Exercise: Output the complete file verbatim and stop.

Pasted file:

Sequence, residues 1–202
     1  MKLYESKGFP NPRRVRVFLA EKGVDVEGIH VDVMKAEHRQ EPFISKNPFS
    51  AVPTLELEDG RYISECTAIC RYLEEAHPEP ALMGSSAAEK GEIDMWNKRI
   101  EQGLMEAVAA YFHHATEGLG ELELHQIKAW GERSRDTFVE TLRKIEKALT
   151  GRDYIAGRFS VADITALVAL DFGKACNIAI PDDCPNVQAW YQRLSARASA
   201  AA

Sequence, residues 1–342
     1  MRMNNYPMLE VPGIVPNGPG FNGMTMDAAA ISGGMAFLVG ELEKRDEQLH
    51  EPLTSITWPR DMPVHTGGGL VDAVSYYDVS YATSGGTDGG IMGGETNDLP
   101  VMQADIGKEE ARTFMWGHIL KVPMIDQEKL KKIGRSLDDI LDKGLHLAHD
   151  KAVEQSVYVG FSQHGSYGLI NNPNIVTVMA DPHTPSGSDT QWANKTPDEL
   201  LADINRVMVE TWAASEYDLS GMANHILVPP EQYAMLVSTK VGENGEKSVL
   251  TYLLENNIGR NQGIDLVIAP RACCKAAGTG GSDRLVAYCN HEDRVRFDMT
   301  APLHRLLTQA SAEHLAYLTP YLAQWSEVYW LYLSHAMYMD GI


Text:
Sequence, residues 1–202
     1  MKLYESKGFP NPRRVRVFLA EKGVDVEGIH VDVMKAEHRQ EPFISKNPFS
    51  AVPTLELEDG RYISECTAIC RYLEEAHPEP ALMGSSAAEK GEIDMWNKRI
   101  EQGLMEAVAA YFHHATEGLG ELELHQIKAW GERSRDTFVE TLRKIEKALT
   151  GRDYIAGRFS VADITALVAL DFGKACNIAI PDDCPNVQAW YQRLSARASA
   201  AA

Sequence, residues 1–342
     1  MRMNNYPMLE VPGIVPNGPG FNGMTMDAAA ISGGMAFLVG ELEKRDEQLH
    51  EPLTSITWPR DMPVHTGGGL VDAVSYYDVS YATSGGTDGG IMGGETNDLP
   101  VMQADIGKEE ARTFMWGHIL KVPMIDQEKL KKIGRSLDDI LDKGLHLAHD
   151  KAVEQSVYVG FSQHGSYGLI NNPNIVTVMA DPHTPSGSDT QWANKTPDEL
   201  LADINRVMVE TWAASEYDLS GMANHILVPP EQYAMLVSTK VGENGEKSVL
   251  TYLLENNIGR NQGIDLVIAP RACCKAAGTG GSDRLVAYCN HEDRVRFDMT
   301  APLHRLLTQA SAEHLAYLTP YLAQWSEVYW LYLSHAMYMD GI